The Pantingan River Massacre happened during the Bataan Death March. Hundreds of Filipino soldiers who surrendered to the Imperial Japanese Army, most of whom belonged to the Philippine Commonwealth Army’s 1st, 11th, 71st, and 91st Divisions of the USAFFE were taken to the riverside by the Japanese soldiers were shot, bayoneted or beheaded.
On April 11, 1942, Filipino troops of the 91st Philippine Army Division under Brigadier General Luther Stevens, were separated from their American officers and moved to the Pantingan River near Mariveles.
In his book “Bataan: The March of Death,” Stanley Falk, a historian with the office, chief of Military History, Department of the Army, describes what took place:
“At about noon, a Japanese officer identified as Lt. General Akira Nara, 65th Brigade Commander, arrived by automobile … There is no record of what Nara said during a quick conference with his officers but no sooner had he left, when all Filipino officers and non-commissioned officers in the group, about 350 to 400 men, were lined up along the trail. The Filipino privates were ordered to move on but the rest of the captives were formed into three groups and their wrists tied securely with double-strand telephone wire.
“As the unfortunate men stood with their backs to their captors, a Japanese civilian interpreter began to address them in Tagalog, saying ’My friends, don’t take it so hard. Had you surrendered earlier, you would not have met this tragedy. We are doing this because many of our soldiers died fighting against you.’
“At a given signal, the execution began. Japanese officers moved down the line mercilessly beheading the Filipinos with their sabers. From the other end the Japanese enlisted men methodically plunged their bayonets into the backs of the prisoners. For two hours, the grisly slaughter continued with the Japanese pausing to wipe away the perspiration and then returning to their grim task.”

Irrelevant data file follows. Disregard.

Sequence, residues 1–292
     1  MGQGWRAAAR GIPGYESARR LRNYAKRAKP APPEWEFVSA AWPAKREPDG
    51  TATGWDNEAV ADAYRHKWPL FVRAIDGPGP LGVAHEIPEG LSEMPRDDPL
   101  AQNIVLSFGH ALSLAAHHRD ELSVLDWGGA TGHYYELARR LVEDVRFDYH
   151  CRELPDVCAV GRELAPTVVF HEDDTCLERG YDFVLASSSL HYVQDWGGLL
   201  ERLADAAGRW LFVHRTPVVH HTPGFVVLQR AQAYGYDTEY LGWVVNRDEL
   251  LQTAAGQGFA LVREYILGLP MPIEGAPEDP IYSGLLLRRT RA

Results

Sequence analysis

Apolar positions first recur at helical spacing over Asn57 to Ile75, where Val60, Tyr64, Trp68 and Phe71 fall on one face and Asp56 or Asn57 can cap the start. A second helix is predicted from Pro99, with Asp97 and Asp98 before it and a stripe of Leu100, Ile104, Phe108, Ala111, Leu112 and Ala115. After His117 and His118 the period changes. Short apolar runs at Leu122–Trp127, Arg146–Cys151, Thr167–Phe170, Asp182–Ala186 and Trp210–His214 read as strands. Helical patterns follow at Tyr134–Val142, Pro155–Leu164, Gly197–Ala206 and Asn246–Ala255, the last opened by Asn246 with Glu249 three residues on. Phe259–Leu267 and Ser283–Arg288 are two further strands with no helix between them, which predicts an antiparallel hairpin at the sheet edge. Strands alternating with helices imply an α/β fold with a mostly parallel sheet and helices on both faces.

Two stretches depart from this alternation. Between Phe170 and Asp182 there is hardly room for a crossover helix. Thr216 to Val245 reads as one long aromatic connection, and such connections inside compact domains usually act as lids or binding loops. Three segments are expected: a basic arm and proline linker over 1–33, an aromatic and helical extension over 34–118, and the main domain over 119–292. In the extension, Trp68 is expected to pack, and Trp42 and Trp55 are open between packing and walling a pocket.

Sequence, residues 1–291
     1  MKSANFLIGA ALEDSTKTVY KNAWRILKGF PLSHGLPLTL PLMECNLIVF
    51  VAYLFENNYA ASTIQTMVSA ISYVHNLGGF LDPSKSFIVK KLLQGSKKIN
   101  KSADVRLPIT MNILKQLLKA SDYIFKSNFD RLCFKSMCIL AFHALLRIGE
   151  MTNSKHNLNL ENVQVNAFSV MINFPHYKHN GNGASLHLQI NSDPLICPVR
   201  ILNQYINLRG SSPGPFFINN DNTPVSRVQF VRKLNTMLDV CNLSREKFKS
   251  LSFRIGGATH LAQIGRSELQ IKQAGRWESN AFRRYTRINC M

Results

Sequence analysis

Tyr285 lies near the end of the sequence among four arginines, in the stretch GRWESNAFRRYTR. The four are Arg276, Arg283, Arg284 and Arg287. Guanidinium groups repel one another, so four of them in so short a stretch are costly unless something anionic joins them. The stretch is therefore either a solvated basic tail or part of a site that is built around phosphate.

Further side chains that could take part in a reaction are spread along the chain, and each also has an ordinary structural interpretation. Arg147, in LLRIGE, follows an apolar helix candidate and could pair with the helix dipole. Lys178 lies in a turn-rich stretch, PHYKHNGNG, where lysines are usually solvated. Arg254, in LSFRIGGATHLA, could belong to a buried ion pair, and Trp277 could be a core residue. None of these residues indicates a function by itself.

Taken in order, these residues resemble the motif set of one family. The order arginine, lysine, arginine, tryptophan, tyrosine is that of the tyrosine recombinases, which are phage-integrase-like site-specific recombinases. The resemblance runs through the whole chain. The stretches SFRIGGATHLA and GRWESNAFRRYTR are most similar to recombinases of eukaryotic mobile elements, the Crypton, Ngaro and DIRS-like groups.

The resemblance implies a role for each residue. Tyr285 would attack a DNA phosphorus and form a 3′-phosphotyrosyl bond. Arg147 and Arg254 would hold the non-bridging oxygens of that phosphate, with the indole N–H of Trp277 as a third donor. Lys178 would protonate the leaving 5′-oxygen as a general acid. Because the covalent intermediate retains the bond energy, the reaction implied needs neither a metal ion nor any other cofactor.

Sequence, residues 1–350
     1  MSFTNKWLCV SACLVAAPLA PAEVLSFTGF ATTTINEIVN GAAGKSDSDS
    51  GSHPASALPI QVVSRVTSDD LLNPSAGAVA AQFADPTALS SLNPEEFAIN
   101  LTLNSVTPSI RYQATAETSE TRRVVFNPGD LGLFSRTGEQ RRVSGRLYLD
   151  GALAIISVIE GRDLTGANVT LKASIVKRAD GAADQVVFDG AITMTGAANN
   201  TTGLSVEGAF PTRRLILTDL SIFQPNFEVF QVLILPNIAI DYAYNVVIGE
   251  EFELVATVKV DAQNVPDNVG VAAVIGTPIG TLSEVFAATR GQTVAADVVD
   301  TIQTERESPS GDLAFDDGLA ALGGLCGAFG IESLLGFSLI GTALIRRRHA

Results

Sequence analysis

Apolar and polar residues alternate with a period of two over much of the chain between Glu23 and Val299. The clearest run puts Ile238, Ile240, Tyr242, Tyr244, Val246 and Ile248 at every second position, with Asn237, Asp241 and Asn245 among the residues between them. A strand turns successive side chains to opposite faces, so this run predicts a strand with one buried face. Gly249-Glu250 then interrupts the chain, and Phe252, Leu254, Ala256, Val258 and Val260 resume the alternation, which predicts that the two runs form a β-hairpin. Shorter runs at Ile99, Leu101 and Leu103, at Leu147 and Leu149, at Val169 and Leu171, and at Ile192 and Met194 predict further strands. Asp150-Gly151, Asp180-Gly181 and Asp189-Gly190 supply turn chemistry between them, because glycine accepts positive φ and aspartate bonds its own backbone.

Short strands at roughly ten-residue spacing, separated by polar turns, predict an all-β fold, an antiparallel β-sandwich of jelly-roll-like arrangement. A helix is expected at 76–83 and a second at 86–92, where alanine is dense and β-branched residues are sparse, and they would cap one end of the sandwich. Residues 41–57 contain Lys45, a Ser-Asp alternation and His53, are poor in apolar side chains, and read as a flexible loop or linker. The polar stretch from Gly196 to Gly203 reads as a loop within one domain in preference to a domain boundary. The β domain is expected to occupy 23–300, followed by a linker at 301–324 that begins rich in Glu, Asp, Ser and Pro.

They did not make it. Dead soldiers in Bataan.
When the slaughter was over, only half a dozen prisoners remained alive, buried beneath their slain comrades. One of those who did survive, was Captain Pedro Felix whodays after the massacre, appeared at his family’s house in Manila suffering from bayonet wounds and shaking with malaria, Felix, a staff officer with the 91st Division, Philippine Army, said he’d been in hiding and on the run since April 12, the day the Japanese massacred hundreds of his comrades at the Pantingan River.”
“The massacre of the Filipino officers and non-coms of the 91st Division was apparently the only mass execution to take place on Bataan.” Whoever was responsible for the slaughter, it was without doubt the worst single atrocity of the war.
Other survivors of the massacre include Lt. Manuel Yan who later became head of the Philippine Army and ambassador to Thailand. Another survivor, Capt. Ricardo Papa, a G-3 Officer of the 91st Division later became a Chief of Police in Manila.
After the War, General Tomoyuki Yamashita, commander of all Japanese forces in the Philippines, General Masaharu Homma, whose troops were responsible for the Death March and General Kou Shiyoku, commandant of the POW camps in the Philippines, were tried by a US Military Commission in Manila, and executed.
Lieutenant General Akira Nara, 65th Brigade commander, was never charged.